August 12, 2020

'La dona del 600', by Pere Riera: A ‘six hundred’ in the ‘living’ | Babelia

The title of the function brings me echoes of Italian comedy or, for short, what was previously called "costumbrista". What is still redundant: if it's well done, comedy always reflects customs. With truth and naturalness; with a precise balance between humor and emotion. If Pere Riera had not done Barcelona (2013), which repeated play in the TNC and Goya, or Infamy (2017), another goal in La Villarroel (and his work that I prefer), would have left The 600 donut for a little later. And if I didn't have that cast, it would also give me a bit of laziness, because I'm full of prejudices, and one of them was to think (briefly) that with that title and that color of peladilla I could have an overdose of nostalgia sixty.

The 600 donut It is a work designed to please, with very well drawn characters and plots that at times stick some skating, but rich in observation, with lively and fluid dialogues. A gentle, tender humor prevails, but one that knows how to become bitter when the scene requires it. Going back to nostalgia, I imagine it in Romea "from then", with a company headed by Pau Garsaball and Mercè Bruquetas. Is called The 600 donut because that stroller was a gift from Tomàs to Carme, who drove it for more than 40 years. And now he approaches a pocket Taj Mahal, you'll see why. Jordi Banacolocha is Tomàs, a pensioner from Pegasus. I was already, by the way (and great), like the grandfather of Barcelona. He is a very natural and enigmatic actor: I have the impression that he looked older when he started, and now I am almost younger than in those days. It is, ages apart, from the family of his namesake Jordi Bosch: he also exhales goodness. How he controls his wife's near loss is an interpretive lesson.

Carme, the mother, is Mercè Sampietro, an actress I always want to see. It has charm since it was invented and a very modulated voice. It takes time to go on stage in this comedy, but when it comes out you don't forget it. And his character is growing phrase by phrase. Do you deserve more paper? Of course, but even if I only had five minutes, I would nail them. And the capital dialogue between mother and daughters excites you big time.

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Montse and Pilar can not be more different and live in confrontational ways the duel for the death of the mother. Àngels Gonyalons is Montse, a doctor without borders, full of humor and strength, able to go to the other side of the world in a pispás (Burkina Faso, specifically) if they require your help. Gonyalons is sensational. Sometimes we saw her somewhat wasted on papers that were not up to her. Your Montse is one of the best jobs I've seen. Rosa Vila is Pilar, the older sister. Another actress who plays a variety of keys. The first thing that comes to mind is his recent work with Pasqual, where he went from Els feréstecs to Bernarda Alba's house. Here he strikes with a sour and bichuno paper. She is a stiff and loaded with fists: of course, she does not leave her father or her mother, but we are guessing (thanks to the writing and direction and her acting work) where this bad sardonic milk that borders on the fierce comes from.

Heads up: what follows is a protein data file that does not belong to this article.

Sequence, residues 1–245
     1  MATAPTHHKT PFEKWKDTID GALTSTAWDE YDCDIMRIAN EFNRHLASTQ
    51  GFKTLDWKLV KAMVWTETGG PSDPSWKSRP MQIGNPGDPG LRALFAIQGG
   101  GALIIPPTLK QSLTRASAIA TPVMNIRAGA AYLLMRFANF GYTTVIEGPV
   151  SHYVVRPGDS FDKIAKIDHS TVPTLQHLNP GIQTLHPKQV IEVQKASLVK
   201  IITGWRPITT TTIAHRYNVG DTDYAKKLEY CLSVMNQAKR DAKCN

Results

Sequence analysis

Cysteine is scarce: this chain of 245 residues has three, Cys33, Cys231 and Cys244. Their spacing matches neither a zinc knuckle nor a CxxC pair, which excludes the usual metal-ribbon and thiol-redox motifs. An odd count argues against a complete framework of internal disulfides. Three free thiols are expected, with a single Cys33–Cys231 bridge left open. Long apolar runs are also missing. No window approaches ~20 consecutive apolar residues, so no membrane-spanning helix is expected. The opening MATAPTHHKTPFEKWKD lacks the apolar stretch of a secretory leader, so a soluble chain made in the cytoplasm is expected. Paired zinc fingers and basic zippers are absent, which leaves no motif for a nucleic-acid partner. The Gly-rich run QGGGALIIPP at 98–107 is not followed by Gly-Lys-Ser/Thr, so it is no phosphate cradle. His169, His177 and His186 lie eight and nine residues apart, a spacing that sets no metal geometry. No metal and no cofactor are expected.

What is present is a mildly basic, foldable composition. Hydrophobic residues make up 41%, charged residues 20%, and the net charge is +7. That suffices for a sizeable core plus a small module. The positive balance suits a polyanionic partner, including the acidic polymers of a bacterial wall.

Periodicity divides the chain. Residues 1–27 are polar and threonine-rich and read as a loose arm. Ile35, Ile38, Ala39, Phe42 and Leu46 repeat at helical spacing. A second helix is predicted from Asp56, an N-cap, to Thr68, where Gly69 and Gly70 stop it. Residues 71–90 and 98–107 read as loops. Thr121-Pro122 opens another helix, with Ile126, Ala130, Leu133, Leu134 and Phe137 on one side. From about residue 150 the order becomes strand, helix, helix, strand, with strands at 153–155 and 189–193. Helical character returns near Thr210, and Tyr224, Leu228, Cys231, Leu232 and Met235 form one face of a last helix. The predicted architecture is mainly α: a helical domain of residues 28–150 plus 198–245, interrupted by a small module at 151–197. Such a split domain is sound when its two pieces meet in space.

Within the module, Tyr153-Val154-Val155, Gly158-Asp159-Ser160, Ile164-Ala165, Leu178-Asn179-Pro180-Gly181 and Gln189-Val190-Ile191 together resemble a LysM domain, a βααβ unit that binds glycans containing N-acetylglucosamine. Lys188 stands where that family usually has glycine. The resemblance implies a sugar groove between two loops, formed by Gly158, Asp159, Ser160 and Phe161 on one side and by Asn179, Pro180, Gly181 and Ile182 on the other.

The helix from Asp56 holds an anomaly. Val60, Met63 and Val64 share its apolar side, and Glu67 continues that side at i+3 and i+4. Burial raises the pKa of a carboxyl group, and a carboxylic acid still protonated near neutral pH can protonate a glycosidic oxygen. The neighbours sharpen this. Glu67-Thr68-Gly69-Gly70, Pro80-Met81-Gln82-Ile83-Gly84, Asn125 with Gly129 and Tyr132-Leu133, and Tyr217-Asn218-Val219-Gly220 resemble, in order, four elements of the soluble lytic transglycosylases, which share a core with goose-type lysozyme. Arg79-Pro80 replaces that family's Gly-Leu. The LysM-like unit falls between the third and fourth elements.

Pep Planas (which was also in Barcelona) Manel is Tomàs' son-in-law, with whom he has an almost filial relationship. It is in the age at which the possibilities of fulfilling old hopes begin to stagnate, and Riera tells that frustration very subtly, without acrimony. The scene, in flashback, of separation is very well mounted; Maybe a little too long. What is missing (or what is left over) to The 600 donut? It has contradictions, as in life. There are dialogues that lengthen somewhat, or so it seemed to me: the scene of the puncture in the car. But it may also be that this passage follows a Chejovian strategy: it seems that nothing happens, the water warms up without it appearing, and its closure is absolutely impeccable. I miss, however, some more development in the character of Pep Planas. I like how the bittersweet family secrets are emerging: the months that Pilar has been without seeing her father or the discovery of the leather notebook. I like the great fluidity of the setting of Riera, with those dialogues, which alternate with Chekhov, yes, but also with Neil Simon, and both converge in a scene that could not be better conceived and served: the hand in hand between Carme and Tomàs after the night visit that cannot be revealed, in a final third that reaches your heart.

The donut of 600. Text and address: Pere Riera. Goya Theater Barcelona. Until December 15.

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